The Science Behind the CSIRO Low Carb Diet
The CSIRO Low Carb Diet is a leading, scientifically proven diet to help Australians lose weight control blood sugar levels and improve the management of Type 2 Diabetes. It is basically a household name in Australia! The CSIRO Low Carb Diet is backed by a rigorous, large-scale research study. The study compared the effects of a low carbohydrate, high protein and high unsaturated ‘healthy’ fat diet with a traditional high carbohydrate, low fat diet in adults who were overweight or obese with type 2 diabetes. After 2-years it was shown individuals following both diets achieved substantial weight loss in individuals. However, the low carbohydrate, high protein, high unsaturated fat diet delivered superior improvements for reducing diabetes medication requirements, improving blood glucose stability across the day and reducing risk factors for heart disease.
A key difference in this study was the carb intake. One group was on 50-70 g carbs per day whilst the other groups intake was consuming around 200 g carbs carbs per day despite the same number of total calories being consumed. This research led to the development of the CSIRO low carbohydrate diet, which limits carbohydrates to 50-70 g per day and focusses on increasing the proportions of unsaturated ‘healthy’ fats and lean protein to maximise the health improvements. Based on results from this study and research conducted by other leading research laboratories around the world , governing health authorities including the the American Diabetes Association (ADA), and Diabetes Australia, Diabetes UK and Diabetes Canada have acknowledged that a lower carb diet can be an effective option for weight and type 2 diabetes management.
The CSIRO Low Carb Diet encourages a high intake of healthy unsaturated fats (nuts, seeds, oils, avocado, oily fish and olives) and lean protein including lean meat, poultry, fish, eggs and tofu, with some dairy allowances. The diet encourages a high intake of low carb vegetables, such as; spinach, lettuce, broccoli, bok choy, asparagus, bean sprouts, cucumber, mushrooms, tomato, zucchini, kale, rocket, garlic, chill, herbs and spices, while reducing the intake of starchy vegetables like potato, pumpkin, sweet potatoes and carrots. Breads, cereals and fruits can be included but are limited to ensure the diet remains nutritionally complete whilst delivering the superior benefits of low carb eating.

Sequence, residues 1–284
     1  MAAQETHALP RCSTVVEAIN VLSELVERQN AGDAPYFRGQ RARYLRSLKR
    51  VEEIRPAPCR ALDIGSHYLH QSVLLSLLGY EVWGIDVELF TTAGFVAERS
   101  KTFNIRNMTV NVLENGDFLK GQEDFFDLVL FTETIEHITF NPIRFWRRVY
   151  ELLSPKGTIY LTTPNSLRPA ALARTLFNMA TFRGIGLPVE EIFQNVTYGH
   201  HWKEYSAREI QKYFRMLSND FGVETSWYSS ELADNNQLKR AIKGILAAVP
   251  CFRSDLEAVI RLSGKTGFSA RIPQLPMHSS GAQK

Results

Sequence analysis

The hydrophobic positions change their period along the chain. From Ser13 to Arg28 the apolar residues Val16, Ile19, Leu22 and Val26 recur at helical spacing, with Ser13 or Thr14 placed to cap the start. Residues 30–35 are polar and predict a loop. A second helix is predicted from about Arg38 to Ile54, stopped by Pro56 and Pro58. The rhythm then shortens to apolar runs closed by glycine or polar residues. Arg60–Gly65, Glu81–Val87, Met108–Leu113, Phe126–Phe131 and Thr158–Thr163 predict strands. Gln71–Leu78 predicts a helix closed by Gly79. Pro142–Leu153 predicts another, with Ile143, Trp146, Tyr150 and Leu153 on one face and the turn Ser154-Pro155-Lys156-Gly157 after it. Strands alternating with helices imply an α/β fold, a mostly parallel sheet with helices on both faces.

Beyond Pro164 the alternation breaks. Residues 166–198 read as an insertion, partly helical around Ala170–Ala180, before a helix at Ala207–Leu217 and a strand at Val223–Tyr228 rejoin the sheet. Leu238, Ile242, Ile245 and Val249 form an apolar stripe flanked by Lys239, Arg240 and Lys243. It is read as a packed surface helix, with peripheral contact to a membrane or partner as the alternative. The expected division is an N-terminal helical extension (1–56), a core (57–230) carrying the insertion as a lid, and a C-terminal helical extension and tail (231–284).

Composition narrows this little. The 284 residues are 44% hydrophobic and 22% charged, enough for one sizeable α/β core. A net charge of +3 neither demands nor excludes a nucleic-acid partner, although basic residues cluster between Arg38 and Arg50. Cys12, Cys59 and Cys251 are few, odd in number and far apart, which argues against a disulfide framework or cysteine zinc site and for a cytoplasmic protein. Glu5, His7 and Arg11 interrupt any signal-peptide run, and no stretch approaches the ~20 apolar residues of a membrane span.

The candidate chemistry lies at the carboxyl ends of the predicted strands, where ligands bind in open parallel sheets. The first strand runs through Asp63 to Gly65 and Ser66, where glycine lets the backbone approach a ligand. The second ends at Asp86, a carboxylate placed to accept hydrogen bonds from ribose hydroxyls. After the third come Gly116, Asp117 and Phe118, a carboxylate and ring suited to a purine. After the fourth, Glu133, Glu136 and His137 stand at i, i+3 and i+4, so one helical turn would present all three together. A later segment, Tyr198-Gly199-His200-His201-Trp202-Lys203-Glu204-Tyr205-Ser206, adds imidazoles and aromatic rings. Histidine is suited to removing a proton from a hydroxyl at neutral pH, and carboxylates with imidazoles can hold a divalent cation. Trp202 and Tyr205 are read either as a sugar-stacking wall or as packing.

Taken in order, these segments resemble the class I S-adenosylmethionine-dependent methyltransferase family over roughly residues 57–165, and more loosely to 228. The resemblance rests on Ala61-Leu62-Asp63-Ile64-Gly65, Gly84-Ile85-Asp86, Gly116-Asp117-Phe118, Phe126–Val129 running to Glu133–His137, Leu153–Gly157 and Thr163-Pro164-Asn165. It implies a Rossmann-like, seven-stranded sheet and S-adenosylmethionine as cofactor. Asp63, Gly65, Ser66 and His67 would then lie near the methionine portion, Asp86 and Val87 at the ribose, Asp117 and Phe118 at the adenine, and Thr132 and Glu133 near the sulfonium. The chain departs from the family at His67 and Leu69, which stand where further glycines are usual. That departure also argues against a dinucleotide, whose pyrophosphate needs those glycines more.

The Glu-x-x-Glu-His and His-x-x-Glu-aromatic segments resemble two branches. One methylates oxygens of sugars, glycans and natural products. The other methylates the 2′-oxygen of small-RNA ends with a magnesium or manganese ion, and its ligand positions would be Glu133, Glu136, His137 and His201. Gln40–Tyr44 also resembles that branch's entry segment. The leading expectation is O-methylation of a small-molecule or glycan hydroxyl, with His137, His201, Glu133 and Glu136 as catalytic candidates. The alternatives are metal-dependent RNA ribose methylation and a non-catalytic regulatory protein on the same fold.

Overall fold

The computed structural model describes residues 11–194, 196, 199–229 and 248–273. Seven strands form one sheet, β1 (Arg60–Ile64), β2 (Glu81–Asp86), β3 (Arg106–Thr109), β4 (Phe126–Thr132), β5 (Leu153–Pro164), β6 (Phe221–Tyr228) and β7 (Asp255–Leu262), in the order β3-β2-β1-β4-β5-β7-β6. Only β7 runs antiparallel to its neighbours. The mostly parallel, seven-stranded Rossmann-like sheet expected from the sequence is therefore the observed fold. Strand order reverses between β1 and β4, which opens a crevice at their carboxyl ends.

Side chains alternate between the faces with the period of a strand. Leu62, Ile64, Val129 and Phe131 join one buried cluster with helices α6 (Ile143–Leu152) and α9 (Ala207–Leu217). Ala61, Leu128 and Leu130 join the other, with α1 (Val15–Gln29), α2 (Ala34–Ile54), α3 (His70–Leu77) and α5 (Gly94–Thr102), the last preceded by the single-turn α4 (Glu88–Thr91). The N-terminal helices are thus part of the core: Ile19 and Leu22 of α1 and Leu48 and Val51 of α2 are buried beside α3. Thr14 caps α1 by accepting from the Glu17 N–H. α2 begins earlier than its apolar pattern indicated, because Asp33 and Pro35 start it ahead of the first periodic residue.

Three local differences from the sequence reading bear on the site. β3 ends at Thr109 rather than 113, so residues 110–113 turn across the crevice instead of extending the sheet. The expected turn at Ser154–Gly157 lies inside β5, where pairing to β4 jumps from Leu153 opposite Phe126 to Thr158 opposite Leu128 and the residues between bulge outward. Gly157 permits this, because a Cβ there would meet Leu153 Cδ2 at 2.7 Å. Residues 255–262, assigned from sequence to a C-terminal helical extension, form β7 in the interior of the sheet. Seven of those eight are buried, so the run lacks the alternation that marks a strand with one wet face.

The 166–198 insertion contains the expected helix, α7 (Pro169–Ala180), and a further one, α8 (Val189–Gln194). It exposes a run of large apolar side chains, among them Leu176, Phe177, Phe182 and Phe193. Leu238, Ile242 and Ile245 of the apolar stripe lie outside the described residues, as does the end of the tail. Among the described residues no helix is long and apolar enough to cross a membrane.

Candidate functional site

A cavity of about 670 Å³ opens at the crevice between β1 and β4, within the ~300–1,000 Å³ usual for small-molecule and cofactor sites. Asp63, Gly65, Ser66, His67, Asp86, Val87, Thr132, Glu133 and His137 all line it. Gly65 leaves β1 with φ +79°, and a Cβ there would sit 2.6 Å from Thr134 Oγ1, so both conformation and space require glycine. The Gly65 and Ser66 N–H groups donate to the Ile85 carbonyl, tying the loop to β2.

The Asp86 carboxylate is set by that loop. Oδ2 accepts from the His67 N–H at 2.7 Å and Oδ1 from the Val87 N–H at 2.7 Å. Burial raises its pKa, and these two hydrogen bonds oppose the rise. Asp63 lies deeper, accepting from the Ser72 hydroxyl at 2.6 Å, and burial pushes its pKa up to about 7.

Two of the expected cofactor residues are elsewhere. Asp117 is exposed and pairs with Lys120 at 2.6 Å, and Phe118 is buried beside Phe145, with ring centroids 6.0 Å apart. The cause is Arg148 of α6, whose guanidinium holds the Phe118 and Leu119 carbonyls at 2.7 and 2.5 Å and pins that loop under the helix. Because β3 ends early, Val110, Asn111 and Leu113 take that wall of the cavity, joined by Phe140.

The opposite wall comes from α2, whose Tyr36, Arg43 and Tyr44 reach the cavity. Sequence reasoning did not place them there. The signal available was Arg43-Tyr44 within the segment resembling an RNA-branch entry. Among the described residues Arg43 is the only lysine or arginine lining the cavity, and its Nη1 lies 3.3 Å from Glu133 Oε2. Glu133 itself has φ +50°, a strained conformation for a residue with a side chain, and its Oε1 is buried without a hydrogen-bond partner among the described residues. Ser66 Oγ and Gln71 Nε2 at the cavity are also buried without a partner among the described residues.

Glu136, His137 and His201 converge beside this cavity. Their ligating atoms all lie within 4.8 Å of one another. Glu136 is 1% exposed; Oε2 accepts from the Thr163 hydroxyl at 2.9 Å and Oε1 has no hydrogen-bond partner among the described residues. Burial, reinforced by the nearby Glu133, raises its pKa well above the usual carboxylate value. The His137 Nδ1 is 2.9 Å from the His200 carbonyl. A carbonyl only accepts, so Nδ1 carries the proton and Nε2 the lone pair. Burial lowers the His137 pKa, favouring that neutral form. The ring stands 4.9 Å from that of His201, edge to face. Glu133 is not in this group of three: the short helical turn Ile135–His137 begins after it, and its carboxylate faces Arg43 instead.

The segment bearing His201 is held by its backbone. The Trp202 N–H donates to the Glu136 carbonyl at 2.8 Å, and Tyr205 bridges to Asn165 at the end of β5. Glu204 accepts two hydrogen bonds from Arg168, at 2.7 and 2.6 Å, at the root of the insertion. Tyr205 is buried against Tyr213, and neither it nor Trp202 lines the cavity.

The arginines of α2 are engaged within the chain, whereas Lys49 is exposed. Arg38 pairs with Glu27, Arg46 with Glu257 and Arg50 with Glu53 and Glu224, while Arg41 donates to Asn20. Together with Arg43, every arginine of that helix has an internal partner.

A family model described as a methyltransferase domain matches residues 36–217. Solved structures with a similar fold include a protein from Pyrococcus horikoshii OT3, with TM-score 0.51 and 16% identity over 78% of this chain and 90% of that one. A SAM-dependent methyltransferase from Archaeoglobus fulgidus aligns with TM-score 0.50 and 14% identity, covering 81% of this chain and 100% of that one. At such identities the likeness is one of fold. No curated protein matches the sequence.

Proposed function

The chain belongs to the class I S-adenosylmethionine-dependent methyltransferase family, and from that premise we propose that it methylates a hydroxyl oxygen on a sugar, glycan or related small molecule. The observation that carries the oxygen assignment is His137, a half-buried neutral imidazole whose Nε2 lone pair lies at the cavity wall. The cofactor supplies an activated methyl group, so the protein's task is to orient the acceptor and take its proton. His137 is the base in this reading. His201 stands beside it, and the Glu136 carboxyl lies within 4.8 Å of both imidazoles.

CSIRO Low Carb Diet vs Ketogenic Diet
The CSIRO Low Carb diet and a ketogenic diet are similar in that both dietary approaches reduce the amount of carbohydrates in the diet and increase the amount of protein and fat which can increase the appearance of ketone bodies in the blood. This occurs when the body switches away from carbohydrate, and starts to use its own fat stores for energy. However, unlike the CSIRO Low Carb Diet which is nutritionally complete and has adequate amounts of all essential nutrients including vitamin, minerals, trace elements and fibre, some ketogenic diets often exclude whole food groups that can increase the risk of nutritional deficiencies.
Whilst ketogenic diets have been shown to have some benefits including weight loss and blood sugar stabilisation, they can in fact be ineffective or even dangerous if they are not prescribed without supervision from a dietitian or other Healthcare professional.
In addition, compared to the CSIRO Low Carb Diet that increases the amount of unsaturated ‘healthy’ fats whilst keeping levels of saturated fat low, ketogenic diets typically contain an excessive amount of saturated fats which has been linked to raised cholesterol levels in the blood.
What do doctors think of a low carb diet?
A low carb diet is highly recommended by many doctors. Losing weight and increasing levels of physical activity will lower blood glucose levels, reduce risk factor for heart disease and other chronic dieses like type 2 diabetes and can certainly improve general health and wellbeing.
Scientific evidence consistently proves that for people who are overweight, obese or who have pre-diabetes/type 2 diabetes, that a low carb diet can assist in getting them back to where they need to be.
As with all diets, the CSIRO strongly recommend speaking to your health care provider, such as your GP or endocrinologist as they may need to review and monitor your medications during dietary change. This is particularly important if you are taking diabetes medication, because one of the major benefits observed using the CSIRO Low Carb diet is the reduction in diabetes medication requirements.
The CSIRO are committed to helping Australians lose weight and improve their health through science, research and evidence. In a nutshell, they promote following evidence based diets and nutrition principles. Their evidence is proof that a CSIRO Low Carb Diet can be optimal for an individual’s overall health & wellbeing.